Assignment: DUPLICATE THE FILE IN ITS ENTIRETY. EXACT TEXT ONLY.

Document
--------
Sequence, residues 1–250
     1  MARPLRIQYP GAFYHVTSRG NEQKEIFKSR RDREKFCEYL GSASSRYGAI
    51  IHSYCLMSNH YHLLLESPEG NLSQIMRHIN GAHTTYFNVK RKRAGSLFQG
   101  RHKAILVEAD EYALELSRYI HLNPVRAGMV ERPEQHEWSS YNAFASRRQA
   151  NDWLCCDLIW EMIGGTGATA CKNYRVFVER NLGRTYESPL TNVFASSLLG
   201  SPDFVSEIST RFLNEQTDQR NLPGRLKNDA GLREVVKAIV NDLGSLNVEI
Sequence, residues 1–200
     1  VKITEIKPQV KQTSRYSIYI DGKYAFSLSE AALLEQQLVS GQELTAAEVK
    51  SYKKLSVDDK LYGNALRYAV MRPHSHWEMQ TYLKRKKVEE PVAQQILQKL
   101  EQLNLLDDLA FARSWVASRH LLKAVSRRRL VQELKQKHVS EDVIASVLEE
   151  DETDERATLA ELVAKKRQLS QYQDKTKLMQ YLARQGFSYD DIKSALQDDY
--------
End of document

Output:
Sequence, residues 1–250
     1  MARPLRIQYP GAFYHVTSRG NEQKEIFKSR RDREKFCEYL GSASSRYGAI
    51  IHSYCLMSNH YHLLLESPEG NLSQIMRHIN GAHTTYFNVK RKRAGSLFQG
   101  RHKAILVEAD EYALELSRYI HLNPVRAGMV ERPEQHEWSS YNAFASRRQA
   151  NDWLCCDLIW EMIGGTGATA CKNYRVFVER NLGRTYESPL TNVFASSLLG
   201  SPDFVSEIST RFLNEQTDQR NLPGRLKNDA GLREVVKAIV NDLGSLNVEI
Sequence, residues 1–200
     1  VKITEIKPQV KQTSRYSIYI DGKYAFSLSE AALLEQQLVS GQELTAAEVK
    51  SYKKLSVDDK LYGNALRYAV MRPHSHWEMQ TYLKRKKVEE PVAQQILQKL
   101  EQLNLLDDLA FARSWVASRH LLKAVSRRRL VQELKQKHVS EDVIASVLEE
   151  DETDERATLA ELVAKKRQLS QYQDKTKLMQ YLARQGFSYD DIKSALQDDY